Environmental Education Grant Opportunities
Ecology Grant Opportunities
Public Participation Grants are provided to citizen groups and not-for-profit
organizations to help people participate in the decisions made at hazardous
waste cleanup sites. The grants also provide funding for projects that promote
proper waste management practices in homes, schools and businesses to prevent, reduce or clean up pollution.
A combination of funding programs for protection and restoration of water quality, there is also eligibility under current grants for community pollution prevention education. Applications for funding are accepted annually starting September 1 and ending on the first Friday in November. The current funding eligibility requirements can be found (in the program Guidelines) on the appropriate annual funding cycle page of the Water Quality Financial Assistance website.
Ecology rewards schools that embrace the principles of sustainability through
the Terry Husseman Sustainable Schools Awards Program. Awards range from $500 to
$5,000. Applicants can apply under one of three categories: Seed Award,
Sustainable School Award, or Creative Environmental Curriculum Award.
Due to legislative budget cuts, the Terry Husseman School Awards program is suspended for 2012 and 2013.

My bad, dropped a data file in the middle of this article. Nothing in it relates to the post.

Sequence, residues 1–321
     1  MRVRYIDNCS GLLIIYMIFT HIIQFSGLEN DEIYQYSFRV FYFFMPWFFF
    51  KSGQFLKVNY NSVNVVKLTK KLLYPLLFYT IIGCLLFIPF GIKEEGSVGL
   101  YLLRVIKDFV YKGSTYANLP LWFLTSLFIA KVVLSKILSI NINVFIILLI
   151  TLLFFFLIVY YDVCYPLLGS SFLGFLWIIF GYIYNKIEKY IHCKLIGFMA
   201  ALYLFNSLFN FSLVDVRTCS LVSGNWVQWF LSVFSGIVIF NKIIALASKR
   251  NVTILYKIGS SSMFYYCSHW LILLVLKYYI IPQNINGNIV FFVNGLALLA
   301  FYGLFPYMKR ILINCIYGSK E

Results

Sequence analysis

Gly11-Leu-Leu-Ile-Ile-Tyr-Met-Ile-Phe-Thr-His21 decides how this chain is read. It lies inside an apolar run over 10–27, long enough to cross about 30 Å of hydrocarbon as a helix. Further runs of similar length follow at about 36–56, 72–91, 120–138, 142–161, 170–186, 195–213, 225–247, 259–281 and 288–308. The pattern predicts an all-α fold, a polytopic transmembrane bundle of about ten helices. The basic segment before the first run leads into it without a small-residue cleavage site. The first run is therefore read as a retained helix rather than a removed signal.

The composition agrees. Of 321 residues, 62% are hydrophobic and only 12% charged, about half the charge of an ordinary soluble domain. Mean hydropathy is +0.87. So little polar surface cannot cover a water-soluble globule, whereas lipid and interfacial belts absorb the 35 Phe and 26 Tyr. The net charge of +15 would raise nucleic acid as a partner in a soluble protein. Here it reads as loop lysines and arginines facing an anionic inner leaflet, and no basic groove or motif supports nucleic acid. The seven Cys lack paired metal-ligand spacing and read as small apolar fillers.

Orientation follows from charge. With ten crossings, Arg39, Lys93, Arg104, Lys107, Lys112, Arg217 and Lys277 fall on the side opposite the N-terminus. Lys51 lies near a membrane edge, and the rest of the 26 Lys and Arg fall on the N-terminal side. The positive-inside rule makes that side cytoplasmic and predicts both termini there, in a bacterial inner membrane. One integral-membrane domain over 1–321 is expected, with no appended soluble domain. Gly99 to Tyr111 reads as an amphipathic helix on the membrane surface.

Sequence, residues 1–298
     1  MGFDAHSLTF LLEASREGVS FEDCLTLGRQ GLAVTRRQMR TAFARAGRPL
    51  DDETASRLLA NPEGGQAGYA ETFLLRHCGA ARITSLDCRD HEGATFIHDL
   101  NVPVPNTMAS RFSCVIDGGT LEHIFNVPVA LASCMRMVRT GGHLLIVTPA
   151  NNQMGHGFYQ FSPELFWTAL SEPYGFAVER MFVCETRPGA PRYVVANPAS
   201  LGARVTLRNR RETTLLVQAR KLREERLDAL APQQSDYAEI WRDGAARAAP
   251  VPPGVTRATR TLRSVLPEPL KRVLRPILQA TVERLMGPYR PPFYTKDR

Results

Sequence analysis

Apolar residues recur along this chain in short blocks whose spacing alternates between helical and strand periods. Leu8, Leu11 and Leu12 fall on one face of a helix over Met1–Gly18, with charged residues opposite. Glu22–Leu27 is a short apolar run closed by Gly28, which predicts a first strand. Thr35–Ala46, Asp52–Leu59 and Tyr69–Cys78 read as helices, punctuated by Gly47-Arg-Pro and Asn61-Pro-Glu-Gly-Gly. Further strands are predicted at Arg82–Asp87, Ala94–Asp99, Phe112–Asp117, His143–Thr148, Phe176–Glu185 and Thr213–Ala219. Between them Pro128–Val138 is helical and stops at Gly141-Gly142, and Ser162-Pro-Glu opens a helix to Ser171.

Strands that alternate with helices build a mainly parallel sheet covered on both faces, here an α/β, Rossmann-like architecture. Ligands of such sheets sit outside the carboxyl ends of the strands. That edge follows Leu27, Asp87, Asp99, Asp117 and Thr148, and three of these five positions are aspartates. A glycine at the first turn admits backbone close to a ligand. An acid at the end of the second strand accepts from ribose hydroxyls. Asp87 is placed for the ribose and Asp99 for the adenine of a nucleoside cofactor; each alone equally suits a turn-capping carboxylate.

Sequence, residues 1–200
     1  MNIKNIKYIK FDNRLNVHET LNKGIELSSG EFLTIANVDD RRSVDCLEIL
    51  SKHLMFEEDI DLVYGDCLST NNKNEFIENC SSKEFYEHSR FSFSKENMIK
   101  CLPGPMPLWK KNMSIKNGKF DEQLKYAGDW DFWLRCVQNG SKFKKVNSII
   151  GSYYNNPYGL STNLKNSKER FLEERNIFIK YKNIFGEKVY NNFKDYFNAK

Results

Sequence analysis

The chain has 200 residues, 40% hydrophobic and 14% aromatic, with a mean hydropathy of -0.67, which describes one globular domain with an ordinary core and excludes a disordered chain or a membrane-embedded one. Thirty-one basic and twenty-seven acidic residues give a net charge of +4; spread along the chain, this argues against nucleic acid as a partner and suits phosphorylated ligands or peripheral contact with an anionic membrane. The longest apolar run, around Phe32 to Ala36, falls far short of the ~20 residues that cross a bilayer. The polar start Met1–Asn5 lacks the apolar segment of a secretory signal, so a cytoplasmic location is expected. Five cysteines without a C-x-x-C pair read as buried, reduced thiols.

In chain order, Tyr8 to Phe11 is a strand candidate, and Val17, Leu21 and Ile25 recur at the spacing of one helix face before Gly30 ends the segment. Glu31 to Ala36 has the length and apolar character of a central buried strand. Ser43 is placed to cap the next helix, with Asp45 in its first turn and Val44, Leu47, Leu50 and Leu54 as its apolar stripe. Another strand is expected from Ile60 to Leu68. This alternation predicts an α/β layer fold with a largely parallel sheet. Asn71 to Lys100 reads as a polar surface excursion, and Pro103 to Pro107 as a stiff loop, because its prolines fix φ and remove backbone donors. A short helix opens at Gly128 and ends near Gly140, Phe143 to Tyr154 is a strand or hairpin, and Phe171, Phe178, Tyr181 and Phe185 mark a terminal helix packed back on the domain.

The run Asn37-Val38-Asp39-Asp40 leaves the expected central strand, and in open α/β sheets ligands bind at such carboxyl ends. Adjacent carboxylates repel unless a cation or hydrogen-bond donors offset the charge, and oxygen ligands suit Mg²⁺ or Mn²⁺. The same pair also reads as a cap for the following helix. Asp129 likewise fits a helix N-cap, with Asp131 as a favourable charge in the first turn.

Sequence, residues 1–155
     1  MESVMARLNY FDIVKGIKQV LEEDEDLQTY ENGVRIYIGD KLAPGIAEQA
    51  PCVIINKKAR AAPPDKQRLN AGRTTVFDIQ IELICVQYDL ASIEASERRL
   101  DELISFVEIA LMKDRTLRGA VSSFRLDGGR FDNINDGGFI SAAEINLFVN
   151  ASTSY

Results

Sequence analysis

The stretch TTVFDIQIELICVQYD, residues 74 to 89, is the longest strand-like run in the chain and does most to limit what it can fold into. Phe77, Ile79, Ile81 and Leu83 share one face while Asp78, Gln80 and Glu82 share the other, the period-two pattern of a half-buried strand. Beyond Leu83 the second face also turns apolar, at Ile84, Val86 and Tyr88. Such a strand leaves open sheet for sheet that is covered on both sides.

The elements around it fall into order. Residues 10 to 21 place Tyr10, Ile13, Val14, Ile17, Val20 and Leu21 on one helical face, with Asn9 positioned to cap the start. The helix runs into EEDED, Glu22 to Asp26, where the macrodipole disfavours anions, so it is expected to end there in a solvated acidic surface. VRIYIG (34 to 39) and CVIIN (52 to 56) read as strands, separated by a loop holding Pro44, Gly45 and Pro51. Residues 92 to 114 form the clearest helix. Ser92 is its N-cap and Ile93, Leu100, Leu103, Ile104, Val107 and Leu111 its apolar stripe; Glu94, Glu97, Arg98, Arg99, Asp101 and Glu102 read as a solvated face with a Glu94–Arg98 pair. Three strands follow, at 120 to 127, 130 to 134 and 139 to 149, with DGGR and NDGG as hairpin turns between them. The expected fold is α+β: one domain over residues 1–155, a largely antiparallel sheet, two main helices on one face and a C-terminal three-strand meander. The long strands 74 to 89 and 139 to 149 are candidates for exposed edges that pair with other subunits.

Non-Ecology Grant Opportunities
Grants fund non-profits to join with local public schools for environmental education programs that are hands-on, interdisciplinary, aligned with state education standards, with innovative community partnerships for underserved, disadvantaged & multicultural populations.
Many good tools, including Directory of Watershed Resources for Washington, Oregon, Idaho & Alaska, and Guidebook of Financial Tools.
Contact the EE Clearing House for a booklet of grant opportunities in the Northwest. Call 1 800 424-4372.
Outdoor Classroom Grant Program, Lowe's Charitable and Educational Foundation, International Paper and National Geographic Explorer! classroom magazine have partnered to create an outdoor classroom grant program to provide schools with additional resources to improve their science curriculum by engaging students in hands-on experiences outside the traditional classroom. All K-12 public schools in the United States are welcome to apply.